La Colombe: Vine Dining

Chefs Scot Kirton and Luke Dale-Roberts Create Culinary Marvels in South Africa’s Wine Country

At Cape Town’s French-Asian-inspired La Colombe, diners can stroll the vineyards under a hot African sky as a "palate cleanser" between courses. Dazzling environment aside, the establishment’s winning formula is attributed to head chef Scot Kirton and culinary consultant Luke Dale-Roberts, whose collaboration resulted in the restaurant’s number-one ranking in Africa at this year’s Acqua Panna awards. The menu is infused with classic Gallic techniques, umami flavors and local ingredients, and dishes highlight local game such as springbok carpaccio and a risotto of root vegetables and Pinotage (South Africa’s signature red wine grape). “Being on a wine farm definitely influences the food,” says Dale-Roberts. “When the grapes are being harvested we try to incorporate them as much as possible.” La Colombe is part of the wider Uitsig estate which dates back to 1894 and as of 1988 has been reborn as a five-star destination comprising three restaurants, a boutique hotel and spa, a winery and a private cricket oval. Recreate your own version of the risotto with the recipe below.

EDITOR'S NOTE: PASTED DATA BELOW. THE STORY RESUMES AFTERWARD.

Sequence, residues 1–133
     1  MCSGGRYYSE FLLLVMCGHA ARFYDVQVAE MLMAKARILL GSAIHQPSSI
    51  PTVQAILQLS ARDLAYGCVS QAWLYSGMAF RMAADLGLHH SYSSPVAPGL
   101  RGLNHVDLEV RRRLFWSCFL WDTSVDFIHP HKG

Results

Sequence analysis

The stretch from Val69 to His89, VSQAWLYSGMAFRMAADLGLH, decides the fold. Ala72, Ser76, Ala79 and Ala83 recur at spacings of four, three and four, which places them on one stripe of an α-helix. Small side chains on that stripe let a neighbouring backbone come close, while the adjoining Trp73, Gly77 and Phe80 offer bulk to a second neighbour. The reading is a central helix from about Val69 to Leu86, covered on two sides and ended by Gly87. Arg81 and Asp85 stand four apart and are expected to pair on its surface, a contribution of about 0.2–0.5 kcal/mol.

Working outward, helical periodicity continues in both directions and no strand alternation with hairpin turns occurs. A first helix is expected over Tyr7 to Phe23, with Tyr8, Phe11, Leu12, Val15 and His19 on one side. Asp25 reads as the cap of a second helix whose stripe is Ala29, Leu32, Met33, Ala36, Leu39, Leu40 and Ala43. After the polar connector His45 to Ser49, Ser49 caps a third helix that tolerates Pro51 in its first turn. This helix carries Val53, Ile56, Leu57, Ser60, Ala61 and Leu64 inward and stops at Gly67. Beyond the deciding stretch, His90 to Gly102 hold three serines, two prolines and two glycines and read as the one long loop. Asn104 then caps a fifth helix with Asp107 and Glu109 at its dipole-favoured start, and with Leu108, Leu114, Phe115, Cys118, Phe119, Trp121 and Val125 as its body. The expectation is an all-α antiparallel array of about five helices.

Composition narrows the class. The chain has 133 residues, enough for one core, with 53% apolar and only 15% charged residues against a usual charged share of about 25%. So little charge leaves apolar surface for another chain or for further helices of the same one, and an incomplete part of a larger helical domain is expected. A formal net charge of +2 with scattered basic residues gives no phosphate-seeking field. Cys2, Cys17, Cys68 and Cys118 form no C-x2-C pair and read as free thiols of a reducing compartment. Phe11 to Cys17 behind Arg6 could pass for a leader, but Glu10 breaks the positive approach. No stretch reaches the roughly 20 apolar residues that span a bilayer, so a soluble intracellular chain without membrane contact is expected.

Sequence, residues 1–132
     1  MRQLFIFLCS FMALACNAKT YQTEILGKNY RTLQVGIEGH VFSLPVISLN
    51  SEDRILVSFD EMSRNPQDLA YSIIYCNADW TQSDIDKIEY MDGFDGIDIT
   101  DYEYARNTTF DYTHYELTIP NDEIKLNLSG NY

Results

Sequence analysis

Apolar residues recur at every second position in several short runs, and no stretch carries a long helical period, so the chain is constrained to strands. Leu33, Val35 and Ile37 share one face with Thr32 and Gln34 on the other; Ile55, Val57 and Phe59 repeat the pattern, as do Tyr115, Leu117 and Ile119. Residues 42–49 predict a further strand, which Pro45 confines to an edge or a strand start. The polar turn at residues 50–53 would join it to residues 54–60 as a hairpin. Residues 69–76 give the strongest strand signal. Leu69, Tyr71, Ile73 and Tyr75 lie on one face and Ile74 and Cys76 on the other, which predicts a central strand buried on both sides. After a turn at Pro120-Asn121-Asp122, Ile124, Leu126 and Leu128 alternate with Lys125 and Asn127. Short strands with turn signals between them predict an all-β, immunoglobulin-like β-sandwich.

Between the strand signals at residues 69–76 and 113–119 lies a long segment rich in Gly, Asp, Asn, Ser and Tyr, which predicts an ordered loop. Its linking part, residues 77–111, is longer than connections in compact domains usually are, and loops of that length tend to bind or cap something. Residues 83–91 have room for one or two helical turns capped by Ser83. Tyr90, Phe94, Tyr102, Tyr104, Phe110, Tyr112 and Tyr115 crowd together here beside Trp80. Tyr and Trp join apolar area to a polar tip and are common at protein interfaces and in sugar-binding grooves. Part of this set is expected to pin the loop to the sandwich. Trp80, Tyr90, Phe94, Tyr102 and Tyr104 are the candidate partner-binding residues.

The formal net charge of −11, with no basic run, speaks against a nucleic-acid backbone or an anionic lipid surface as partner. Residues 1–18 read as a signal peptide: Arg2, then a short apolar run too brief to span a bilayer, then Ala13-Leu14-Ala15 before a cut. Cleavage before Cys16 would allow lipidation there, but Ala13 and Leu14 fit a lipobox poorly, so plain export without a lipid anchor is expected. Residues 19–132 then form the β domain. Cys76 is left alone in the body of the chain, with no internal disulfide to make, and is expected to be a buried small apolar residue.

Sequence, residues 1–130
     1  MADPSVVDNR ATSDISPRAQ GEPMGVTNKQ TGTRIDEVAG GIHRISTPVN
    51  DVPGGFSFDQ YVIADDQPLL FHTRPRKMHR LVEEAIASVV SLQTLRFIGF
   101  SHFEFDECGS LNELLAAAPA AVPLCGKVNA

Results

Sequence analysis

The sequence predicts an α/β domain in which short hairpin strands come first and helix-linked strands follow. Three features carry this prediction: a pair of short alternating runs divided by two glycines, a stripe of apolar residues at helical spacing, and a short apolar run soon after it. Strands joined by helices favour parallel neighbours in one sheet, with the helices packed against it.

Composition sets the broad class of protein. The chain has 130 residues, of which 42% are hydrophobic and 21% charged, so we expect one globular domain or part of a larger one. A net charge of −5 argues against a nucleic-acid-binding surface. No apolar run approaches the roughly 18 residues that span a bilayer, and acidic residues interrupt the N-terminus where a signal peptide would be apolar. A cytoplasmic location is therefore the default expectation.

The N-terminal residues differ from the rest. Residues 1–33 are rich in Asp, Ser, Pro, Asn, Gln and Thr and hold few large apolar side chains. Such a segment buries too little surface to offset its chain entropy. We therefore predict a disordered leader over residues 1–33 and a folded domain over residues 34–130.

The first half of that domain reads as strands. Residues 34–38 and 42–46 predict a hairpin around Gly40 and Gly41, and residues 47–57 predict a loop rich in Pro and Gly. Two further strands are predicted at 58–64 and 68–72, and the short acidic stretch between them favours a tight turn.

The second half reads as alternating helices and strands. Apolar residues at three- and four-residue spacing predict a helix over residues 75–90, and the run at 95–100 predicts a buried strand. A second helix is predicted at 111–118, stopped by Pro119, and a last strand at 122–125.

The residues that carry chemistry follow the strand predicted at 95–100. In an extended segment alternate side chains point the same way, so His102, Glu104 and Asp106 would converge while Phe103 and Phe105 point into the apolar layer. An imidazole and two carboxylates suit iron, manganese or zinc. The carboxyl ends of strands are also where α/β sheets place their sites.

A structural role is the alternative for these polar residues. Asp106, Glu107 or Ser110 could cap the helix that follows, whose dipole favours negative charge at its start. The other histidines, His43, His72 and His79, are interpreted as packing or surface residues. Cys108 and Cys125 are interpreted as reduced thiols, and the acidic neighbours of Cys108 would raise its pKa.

Pinotage Risotto

Serves 4

  • 2 onions 
  • 3 cloves garlic 
  • 4 bay leaves
  • Fresh thyme
  • 100g butter
  • Salt
  • 250ml pinotage
  • 250g risotto rice
  • 600ml vegetable stock
  • 150g parmesan cheese
  • 1 cup of cooked butternut
  • 1 cup of wild mushrooms

Sweat the onions (finely chopped), garlic (crushed), thyme, salt and bay leaves in a wide-based pan with half the butter. When the onions are cooked and translucent, add the risotto and allow the mixture to fry for a few minutes (but do not allow rice to color). 

Add the pinotage and simmer until the wine has reduced by half. 

Ladle by ladle add in warm vegetable stock, giving the stock time to cook out before adding the next ladle. Stir the rice with a rubber spatula every 30 seconds while adding the stock to ensure the rice does not stick to the base of the pan. 

To check if the rice is cooked, taste it continuously while adding the stock. Cook the rice to al dente. Do not overcook the rice as it will result in the grains breaking.   

When the risotto is al dente take it off the heat and fold in the parmesan cheese; add the other half of the butter and adjust the seasoning to tast.

Finish off with a few wild mushrooms and small cubes of butternut. 

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